Link: Traktor Kontrol X1 — Price: $199/€189/£169
Let’s get one thing straight from the off… this unit is a MK2. It’s an incremental release of the original X1, with a tweaked layout and a few new bits. The original has been hugely successful, finding a home in many setups whether using Native Instruments’ Traktor software or straight up MIDI elsewhere.
It was also championed by DJs from a wide spectrum of music and DJ-style, from Techno don Richie Hawtin, scratch master DJ Craze and house legend Pete Tong (who famously received a special edition white pair from Dubfire for his 50th), showing off the breadth of its application. So, How does this new version stack up? Here’s how…
In a Nutshell
The 2013 Kontrol X1 (hereby known simply as ‘the X1’) is Native Instruments’ integrated hardware to control (Kontrol?) two decks and two effects units within their Traktor Pro 2 and Traktor Scratch Pro 2 software. With version 2.6.3 of the software, the device is literally plug n play. Combined with the Z1 or Z2, you are ready to go without any fiddling.
This version of the X1 took on board feedback from the first one released way back in 2010, adding and taking away things to help workflow.
Taking this out of the box, it’s clear that owners of original X1 will be familiar with the layout apart from a few changes as you’ll see a bit later in the review. You get the controller and a cable plus the usual paperwork with serials etc., plus some stickers in the bottom of the box. Really, that’s all you need to get started.
So, even though this is just an iterative product, has Native Instruments done enough to entice people over?
The most obvious additions are the touch ribbon, RGB buttons and LED displays. NI have obviously done some research into what areas of the hardware/software are causing DJs to get Facebook Face staring at a laptop screen, as the visual feedback from the controller is ridiculously granular. Just having the LED display helps you keep track of loop length for each deck, along with other bits of functionality such as what decks it’s assigned to. The touch ribbon also has a strip of lights along the top that give clues to how the ribbon is currently used. This is very handy as you can assign controls to the touch strip such as effects, track scrolling and pitch bend. You can even change how much of the touch strip is used for each deck.
One addition that is definitely a Marmite feature is the touch sensitive browser encoder. With the feature enabled and you’ve got your fingers on the encoder, the Traktor browser will maximise. Let go, and the deck view flicks back. In addition to this, you can now finally scroll through the playlist tree by holding SHIFT while turning the browser encoder. It’s about bloody time, NI!
Speaking of the SHIFT button… It’s amazing just how much more functionality that’s been squeezed into the X1. From reassigning touch strip functionality to scrolling through effects and adding an extra layer of hotcues, pretty much everything can be accessed.
Build and Layout
The X1 has very similar build quality to all the other Kontrol products. It sits comfortably beside the Z1 and F1, and fits in the carry case without issue. It also clips onto the Traktor Kontrol Stand to sit flush with a mixer.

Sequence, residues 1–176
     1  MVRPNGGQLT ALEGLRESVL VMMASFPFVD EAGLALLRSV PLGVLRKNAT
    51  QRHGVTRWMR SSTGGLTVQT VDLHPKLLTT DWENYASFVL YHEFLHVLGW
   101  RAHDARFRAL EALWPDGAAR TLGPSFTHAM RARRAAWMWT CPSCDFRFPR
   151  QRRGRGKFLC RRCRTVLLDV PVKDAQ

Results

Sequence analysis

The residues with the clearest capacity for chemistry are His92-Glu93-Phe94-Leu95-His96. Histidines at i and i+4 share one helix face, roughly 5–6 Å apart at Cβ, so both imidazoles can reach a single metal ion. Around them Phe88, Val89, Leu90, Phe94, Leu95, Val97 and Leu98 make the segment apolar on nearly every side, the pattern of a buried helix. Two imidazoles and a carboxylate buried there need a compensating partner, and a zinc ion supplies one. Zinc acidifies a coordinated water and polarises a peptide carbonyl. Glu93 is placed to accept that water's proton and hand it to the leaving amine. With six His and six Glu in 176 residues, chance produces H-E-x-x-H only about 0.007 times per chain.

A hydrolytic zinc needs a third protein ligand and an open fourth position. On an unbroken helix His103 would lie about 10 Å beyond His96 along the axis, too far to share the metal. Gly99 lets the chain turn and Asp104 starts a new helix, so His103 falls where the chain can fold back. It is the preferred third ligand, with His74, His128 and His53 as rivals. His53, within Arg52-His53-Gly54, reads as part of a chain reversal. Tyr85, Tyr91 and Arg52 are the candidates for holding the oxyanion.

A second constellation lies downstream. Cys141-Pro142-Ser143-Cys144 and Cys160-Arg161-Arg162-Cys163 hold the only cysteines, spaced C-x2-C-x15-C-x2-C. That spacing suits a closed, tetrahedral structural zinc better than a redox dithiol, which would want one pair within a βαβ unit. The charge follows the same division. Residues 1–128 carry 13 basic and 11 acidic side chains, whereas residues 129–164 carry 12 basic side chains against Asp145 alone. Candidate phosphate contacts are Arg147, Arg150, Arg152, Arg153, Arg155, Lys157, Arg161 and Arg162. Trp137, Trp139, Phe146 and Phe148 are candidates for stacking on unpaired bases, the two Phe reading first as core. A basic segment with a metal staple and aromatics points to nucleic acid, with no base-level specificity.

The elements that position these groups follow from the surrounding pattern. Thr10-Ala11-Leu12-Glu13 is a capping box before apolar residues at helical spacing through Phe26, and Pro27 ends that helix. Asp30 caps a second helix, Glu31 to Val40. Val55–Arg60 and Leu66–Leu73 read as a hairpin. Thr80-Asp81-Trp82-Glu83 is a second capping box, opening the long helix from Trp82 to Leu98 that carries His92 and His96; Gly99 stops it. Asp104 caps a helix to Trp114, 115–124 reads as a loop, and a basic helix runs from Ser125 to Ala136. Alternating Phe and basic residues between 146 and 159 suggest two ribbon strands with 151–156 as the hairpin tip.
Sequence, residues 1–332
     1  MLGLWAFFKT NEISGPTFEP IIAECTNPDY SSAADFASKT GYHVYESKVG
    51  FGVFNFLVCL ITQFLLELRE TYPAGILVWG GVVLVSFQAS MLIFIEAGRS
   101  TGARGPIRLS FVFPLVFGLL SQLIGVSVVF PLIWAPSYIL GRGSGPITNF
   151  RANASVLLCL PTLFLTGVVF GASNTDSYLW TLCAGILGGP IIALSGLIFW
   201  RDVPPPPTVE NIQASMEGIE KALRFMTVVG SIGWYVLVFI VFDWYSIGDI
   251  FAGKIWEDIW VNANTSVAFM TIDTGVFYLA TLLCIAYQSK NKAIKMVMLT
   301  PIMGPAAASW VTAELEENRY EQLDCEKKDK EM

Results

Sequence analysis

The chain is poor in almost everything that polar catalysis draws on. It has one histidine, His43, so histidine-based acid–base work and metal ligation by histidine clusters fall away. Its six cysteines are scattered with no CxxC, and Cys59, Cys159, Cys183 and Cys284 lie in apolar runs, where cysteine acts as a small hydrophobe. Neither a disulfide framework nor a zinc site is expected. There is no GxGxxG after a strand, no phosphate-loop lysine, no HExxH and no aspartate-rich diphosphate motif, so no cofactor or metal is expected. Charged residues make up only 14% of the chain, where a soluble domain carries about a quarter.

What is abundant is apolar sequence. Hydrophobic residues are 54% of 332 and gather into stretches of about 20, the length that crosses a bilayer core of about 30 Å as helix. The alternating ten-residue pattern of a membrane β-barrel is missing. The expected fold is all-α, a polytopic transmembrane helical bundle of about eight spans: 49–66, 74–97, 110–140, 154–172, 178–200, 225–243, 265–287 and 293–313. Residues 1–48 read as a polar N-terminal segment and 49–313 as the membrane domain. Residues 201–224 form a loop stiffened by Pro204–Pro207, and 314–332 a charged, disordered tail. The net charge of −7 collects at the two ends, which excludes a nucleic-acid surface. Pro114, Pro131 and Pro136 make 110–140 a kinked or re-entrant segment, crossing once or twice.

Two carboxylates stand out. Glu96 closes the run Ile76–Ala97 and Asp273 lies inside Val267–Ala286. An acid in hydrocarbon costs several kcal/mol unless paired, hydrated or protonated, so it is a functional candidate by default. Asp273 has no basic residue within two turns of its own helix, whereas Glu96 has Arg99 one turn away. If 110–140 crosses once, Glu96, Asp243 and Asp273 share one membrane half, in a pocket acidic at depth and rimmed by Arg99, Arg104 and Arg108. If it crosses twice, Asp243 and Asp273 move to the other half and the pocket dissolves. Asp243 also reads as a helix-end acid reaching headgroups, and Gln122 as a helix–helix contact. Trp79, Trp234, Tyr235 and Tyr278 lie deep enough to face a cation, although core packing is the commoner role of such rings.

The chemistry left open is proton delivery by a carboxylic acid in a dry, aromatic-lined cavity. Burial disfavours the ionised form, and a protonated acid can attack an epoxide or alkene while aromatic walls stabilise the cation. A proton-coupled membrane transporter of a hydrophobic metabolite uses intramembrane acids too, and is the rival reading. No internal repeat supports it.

As is customary with NI gear, the X1 is very sturdy. There’s no give with any of the controls, and the tough metal and plastic casing has no twist. One thing you can always rely on with Kontrol products is their robustness.
Just like the older model, the top half of the unit is dominated by the FX controls. Things start to get divergent below this, as you’ll be greeted by a glossy central panel featuring the LED screens, load buttons, browser encoder, loop encoders and the long touch ribbon. On DJWORX, we’ve pointed out the madness of using glossy materials for DJ gear time and again but in this case I do concede that here, at least, it’s needed for the screens and lighting feedback. (I think we’re just going to have to get used to it Dan…Ed)
The transport/hotcue section at the bottom has also had an overhaul, getting rid of a few primary functions and replacing with four hotcues along with transport. The RGB backlight gives you very quick visual feedback when in use, making it even easier to know what’s going on
I was a bit disappointed to notice that the buttons didn’t feel as soft as the original, making them less reactive to lighter touch. I’d describe the feel of the buttons on the old model as “soft and fluffy”, something the X1 here no longer has.
COMMENT FROM NI: The harder/stiffer feel of them was intentional on our part because the tactile click feedback was stronger with this newer button. Some of the old X1 buttons were too “soft and fluffy” and you couldn’t feel any click from them at all.
There’s no point in dwelling too much on how the X1 works with other software, other than to say that the controller has a MIDI mode that can be mapped with ease. I’m not sure if some of the funkier features such as the touch encoder and LED displays can be accessed. My guess is probably not, but some enterprising individual might be able to crack that open.
Do I prefer it to the old one?
This is always a difficult question to answer, having only used it for a few days, compared to the three years with the originals. There are some niggles, partly based on my mixing style, and partly something akin to a missing feature.